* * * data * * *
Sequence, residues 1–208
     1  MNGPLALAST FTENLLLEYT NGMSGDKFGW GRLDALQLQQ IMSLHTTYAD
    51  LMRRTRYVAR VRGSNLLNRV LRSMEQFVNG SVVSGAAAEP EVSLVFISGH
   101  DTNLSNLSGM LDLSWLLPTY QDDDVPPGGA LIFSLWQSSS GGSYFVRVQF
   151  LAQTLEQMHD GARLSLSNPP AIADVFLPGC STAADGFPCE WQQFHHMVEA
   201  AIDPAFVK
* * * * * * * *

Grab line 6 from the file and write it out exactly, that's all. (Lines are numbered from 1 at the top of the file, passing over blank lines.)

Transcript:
   201  AIDPAFVK